Man blind for 30 years gains vision from bionic eye

A man blind for 30 years has taken part in an experimental procedure to artificially restore his vision with a bionic eye

A man who has been blind for 30 years has taken part in an experimental procedure at a London hospital to artificially restore his vision -- with a bionic eye. Ron, who has not revealed his surname, says he is now able to see the difference between white, grey and black socks, and follow white road markings.

The bionic eye, known as Argus II according to the BBC, uses a series of electrodes attached to the 73-year-old's retina, wired to a small sensor on the exterior of the eye.

A pair of sunglasses use a tiny camera and image processor to capture light, which is then sent via the sensor on the eye to the electrodes on the retina. These electrodes send electrical signals via the optic nerve to the brain, which interprets them as an image.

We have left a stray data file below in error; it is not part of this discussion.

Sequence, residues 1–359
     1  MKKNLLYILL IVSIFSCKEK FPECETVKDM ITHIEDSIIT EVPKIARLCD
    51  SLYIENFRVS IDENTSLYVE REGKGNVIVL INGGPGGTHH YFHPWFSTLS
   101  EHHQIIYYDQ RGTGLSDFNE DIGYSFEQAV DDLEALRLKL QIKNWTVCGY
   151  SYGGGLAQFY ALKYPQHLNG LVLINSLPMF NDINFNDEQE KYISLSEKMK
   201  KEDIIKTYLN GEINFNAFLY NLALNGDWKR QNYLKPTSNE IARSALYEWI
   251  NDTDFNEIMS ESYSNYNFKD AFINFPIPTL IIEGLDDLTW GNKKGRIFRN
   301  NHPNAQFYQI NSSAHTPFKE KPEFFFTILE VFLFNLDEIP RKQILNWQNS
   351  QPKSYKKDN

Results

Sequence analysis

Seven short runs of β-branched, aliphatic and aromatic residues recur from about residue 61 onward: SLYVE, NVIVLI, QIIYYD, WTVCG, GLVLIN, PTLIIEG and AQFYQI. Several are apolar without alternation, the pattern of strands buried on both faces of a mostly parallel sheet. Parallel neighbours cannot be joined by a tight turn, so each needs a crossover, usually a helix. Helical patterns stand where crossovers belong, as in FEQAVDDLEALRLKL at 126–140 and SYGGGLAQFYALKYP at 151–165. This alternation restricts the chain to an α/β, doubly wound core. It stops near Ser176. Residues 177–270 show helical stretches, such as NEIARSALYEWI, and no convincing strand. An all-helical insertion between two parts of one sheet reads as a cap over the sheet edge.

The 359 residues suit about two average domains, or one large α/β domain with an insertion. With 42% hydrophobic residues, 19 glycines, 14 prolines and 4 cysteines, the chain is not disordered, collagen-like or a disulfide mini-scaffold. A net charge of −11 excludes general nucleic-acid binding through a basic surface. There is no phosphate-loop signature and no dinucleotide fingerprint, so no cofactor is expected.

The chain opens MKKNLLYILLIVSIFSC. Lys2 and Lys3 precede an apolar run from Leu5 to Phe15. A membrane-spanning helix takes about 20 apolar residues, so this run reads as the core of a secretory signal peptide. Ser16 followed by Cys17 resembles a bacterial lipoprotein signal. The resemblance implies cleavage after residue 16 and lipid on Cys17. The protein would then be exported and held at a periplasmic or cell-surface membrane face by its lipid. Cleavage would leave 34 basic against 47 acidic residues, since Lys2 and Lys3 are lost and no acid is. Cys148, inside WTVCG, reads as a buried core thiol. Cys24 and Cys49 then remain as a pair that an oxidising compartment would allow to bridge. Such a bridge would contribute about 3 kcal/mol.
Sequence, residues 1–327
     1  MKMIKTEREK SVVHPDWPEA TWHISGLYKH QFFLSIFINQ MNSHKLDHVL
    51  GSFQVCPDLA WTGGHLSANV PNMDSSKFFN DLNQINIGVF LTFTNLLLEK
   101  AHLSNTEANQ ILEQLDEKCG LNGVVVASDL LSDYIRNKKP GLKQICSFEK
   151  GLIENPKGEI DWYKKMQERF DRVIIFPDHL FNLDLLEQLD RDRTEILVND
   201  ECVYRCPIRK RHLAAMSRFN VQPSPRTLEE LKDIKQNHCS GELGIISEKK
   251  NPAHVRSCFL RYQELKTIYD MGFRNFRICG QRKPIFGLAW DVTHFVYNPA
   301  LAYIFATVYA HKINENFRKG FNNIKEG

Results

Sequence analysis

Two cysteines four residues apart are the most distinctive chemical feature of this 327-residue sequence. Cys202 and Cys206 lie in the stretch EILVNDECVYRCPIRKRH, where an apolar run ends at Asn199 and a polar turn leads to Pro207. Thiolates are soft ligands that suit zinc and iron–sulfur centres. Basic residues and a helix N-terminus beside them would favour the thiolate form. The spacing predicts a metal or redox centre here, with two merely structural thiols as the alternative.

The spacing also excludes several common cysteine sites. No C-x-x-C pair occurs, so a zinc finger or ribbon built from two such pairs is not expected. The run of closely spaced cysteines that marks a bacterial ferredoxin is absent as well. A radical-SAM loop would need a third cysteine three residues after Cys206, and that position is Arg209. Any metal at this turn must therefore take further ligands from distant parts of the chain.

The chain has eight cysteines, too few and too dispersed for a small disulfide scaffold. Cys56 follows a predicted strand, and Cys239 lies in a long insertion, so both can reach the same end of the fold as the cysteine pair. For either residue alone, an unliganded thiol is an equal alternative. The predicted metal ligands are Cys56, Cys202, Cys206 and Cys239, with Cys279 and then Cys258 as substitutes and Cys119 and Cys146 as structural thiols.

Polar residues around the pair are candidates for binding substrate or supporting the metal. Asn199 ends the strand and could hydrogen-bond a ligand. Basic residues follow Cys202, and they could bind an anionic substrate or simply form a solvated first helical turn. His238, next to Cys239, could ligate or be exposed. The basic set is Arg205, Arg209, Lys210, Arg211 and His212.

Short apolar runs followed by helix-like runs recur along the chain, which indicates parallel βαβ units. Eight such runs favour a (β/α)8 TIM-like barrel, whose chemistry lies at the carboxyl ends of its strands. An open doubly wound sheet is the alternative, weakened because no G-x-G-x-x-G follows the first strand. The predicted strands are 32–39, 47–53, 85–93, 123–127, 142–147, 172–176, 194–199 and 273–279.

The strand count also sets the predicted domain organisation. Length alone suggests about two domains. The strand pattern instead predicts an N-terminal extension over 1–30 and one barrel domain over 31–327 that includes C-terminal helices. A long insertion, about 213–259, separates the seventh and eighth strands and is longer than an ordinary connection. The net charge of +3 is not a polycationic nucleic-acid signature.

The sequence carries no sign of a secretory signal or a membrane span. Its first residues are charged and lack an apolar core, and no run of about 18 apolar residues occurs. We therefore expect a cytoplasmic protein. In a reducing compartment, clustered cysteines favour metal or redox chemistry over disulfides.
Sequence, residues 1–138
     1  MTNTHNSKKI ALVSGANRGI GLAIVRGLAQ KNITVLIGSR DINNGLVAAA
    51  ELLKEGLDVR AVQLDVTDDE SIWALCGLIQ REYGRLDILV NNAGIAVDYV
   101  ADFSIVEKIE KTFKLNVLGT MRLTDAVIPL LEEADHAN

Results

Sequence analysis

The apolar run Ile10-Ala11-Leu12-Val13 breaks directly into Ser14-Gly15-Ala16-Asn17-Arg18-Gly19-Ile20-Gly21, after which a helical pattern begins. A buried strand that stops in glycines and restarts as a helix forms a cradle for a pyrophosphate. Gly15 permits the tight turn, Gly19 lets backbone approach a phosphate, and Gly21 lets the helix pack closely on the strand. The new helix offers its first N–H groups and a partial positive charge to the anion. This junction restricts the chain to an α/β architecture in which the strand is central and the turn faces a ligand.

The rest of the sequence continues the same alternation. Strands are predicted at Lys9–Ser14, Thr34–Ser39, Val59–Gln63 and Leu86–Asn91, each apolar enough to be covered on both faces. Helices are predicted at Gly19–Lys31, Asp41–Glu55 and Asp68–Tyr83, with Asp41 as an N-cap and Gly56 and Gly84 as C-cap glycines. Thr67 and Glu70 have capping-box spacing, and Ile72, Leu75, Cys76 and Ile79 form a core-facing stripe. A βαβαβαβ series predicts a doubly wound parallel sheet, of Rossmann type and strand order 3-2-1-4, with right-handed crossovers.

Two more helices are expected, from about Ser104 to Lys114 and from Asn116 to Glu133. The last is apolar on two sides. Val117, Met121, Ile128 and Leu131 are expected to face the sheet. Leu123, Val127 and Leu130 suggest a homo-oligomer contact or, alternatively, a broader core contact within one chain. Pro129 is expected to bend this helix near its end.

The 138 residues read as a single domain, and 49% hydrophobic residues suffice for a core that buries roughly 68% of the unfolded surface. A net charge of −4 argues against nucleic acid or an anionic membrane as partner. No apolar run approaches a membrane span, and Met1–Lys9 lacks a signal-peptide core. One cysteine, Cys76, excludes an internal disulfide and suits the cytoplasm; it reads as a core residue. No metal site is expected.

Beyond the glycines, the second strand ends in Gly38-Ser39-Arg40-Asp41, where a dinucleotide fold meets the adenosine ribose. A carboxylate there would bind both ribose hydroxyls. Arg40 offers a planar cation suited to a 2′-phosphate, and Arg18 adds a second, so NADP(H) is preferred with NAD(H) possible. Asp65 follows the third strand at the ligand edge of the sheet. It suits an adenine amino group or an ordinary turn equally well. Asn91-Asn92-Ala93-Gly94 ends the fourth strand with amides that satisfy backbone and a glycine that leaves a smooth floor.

The surgery was performed seven months ago at Moorfields Eye Hospital in London, using the bionic-eye technology developed by US company Second Sight. It targets patients who have suffered retinal degeneration from a condition called retinitis pigmentosa, a type of hereditary retinal dystrophy, for which there is no medical treatment.

According to Dr Michel Michaelides on the British Retinitis Pigmentosa Society's Web site, the condition affects one in 3,000 to 4,000 people. An estimated 22,500 people are affected in the UK.

The hope is that this kind of bionic eye treatment will lead to patients drawing meaningful images from the technology. It's early days, but for Ron to go from 30 years of blindness to being able to operate a washing machine -- his wife wasted no time in teaching him -- is an enormously encouraging first step.

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